Construction

Subcontractor Charged For Having Its Own Lien Bonded Off

Based on subcontract language, a Minnesota appeals court has held that the prime contractor could charge its lien bond premium against the sub who filed the lien. Arising from a power generation station project, the prime and a sub pursued breach of… Read More
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Interplay of General Liability and Pollution Liability Coverage

An explosion caused by release of natural gas from a damaged pipe caused personal injury and property damage. Resulting lawsuits against the contractor whose crew damaged the pipe were defended by the contractor’s general liability (GL) carrier, wh… Read More
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No Equitable Adjustment for Contractor with Penny Bid

Believing actual quantities of rock removal would be far less than the engineer’s estimate, the contractor bid a penny per cubic yard of rock removal on a water main extension project. Of course, other bid items could then be inflated and yet the c… Read More
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Attacks on Prevailing Wage Laws – Where’s the Tipping Point?

News reports this week cover legislative action in four different states to reduce the scope of prevailing wage laws on public projects. Whatever your opinion on prevailing wage laws – love them, hate them, or somewhere in the middle – the effort… Read More
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Statute of Repose Not Tolled by Builder’s Occupancy of House

Is the New Hampshire eight-year statute of repose tolled (extended) when the original builder occupies a house for four years? The NH Supreme Court has said no. Drouin Builders built the house in 2001 and conveyed it to sole shareholder Michael Droui… Read More
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Mechanic’s Lien Amount Shall Not Include Attorneys’ Fees

The Utah Supreme Court has held that a mechanic’s lien does not include attorneys’ fees incurred by a contractor even when the lien statute allows recovery of reasonable legal fees. The court distinguished between the right to recover attorneys… Read More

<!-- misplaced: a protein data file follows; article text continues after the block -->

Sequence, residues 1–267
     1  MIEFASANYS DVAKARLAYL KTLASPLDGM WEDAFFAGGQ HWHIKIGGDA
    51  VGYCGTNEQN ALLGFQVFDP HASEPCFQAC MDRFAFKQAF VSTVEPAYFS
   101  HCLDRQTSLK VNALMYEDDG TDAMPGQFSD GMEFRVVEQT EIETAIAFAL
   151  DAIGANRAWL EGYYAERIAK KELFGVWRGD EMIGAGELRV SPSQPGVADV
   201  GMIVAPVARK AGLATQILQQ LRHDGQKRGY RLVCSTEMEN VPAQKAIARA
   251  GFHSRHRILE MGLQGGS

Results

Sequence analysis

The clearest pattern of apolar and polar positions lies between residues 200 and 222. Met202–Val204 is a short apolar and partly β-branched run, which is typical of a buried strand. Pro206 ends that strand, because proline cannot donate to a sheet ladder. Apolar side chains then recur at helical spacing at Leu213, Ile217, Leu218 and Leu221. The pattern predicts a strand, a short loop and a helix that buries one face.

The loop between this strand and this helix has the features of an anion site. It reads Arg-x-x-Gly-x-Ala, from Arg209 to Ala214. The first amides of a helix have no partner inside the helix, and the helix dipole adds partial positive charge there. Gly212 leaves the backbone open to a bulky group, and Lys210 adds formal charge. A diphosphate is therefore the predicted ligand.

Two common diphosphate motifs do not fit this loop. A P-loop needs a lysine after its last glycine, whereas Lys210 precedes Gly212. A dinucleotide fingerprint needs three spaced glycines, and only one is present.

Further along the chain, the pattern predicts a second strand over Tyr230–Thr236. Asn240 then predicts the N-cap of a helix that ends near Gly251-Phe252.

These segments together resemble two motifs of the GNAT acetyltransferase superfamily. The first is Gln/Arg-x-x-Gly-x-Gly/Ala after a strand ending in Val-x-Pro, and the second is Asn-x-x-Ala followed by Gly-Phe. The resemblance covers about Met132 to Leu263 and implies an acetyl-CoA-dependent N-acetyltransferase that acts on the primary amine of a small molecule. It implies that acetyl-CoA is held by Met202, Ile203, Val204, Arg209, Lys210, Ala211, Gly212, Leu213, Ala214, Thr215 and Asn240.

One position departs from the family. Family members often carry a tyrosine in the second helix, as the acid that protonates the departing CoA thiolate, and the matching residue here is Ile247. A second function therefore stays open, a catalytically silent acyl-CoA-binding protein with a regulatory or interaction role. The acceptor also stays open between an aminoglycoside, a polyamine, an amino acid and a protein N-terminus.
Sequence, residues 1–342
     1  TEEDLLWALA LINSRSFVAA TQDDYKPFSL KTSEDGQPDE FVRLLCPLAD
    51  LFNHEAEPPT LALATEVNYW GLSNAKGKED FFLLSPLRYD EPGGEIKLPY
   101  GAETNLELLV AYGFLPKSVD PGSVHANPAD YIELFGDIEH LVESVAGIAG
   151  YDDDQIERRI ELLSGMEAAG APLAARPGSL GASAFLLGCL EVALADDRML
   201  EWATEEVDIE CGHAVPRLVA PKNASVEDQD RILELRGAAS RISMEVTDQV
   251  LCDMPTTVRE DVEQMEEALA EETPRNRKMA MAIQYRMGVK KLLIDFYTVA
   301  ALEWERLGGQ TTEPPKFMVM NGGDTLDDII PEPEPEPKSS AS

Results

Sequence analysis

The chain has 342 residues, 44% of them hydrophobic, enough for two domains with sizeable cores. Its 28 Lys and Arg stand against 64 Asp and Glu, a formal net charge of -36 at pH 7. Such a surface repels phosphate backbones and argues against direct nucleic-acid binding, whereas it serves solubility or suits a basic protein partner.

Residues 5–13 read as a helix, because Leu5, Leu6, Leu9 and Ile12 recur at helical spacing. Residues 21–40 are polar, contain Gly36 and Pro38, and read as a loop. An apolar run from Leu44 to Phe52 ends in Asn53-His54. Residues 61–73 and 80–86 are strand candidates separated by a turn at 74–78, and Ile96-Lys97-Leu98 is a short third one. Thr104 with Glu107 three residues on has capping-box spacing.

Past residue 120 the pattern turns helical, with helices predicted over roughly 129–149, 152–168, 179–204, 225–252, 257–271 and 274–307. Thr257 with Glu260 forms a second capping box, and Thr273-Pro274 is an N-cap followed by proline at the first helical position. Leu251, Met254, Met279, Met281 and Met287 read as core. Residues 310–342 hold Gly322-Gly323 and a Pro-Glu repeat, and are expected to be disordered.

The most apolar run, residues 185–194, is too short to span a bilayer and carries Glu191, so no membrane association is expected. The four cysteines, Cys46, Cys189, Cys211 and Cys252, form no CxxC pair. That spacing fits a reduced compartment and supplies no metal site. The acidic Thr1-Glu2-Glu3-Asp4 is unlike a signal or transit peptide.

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Defense to Government Position is Not a Claim Subject to Contract Disputes Act

The government claims a contractor’s work is defective. The contractor says in defense that problems are due to design deficiencies and not construction errors. Is the contractor’s position a “claim” subject to the Contract Disputes Act (CDA)… Read More
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Insurance Coverage for Damaged NYC Tower Crane

Readers will recall photos of a tower crane damaged by Hurricane Sandy. Construction of the NYC high-rise building known as One57 was underway when the crane was lashed by hurricane-force winds. The crane jib was apparently blown backwards, and ended… Read More
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Parsing the GL Exclusion of Coverage for “Your Work”

Another state has joined the group of states that parse a common GL exclusion to allow coverage to remedy non-defective work damaged by defective work. The Supreme Court of New Hampshire just issued its decision, in the case of Cogswell Farm Condomin… Read More
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P3 – Not Just for Roads, Tunnels and Bridges

Much of the ink on P3 projects concerns horizontal construction. Meanwhile, vertical P3 projects move ahead. Last month’s announcement by the City of Indianapolis provides an example. The mayor (city council approval is still required; a related pr… Read More
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About Stan Martin

Stanley A. Martin's Profile Image
Stan Martin holds a law degree and an undergraduate degree in architecture. He has been involved with the construction industry for more than 45 years, working in construction prior to law school and beginning his construction law practice. During his career, he has been actively involved with the Associated General Contractors of Massachusetts, the Boston Society of Architects, the American Arbitration Association, and the Massachusetts Building Congress.

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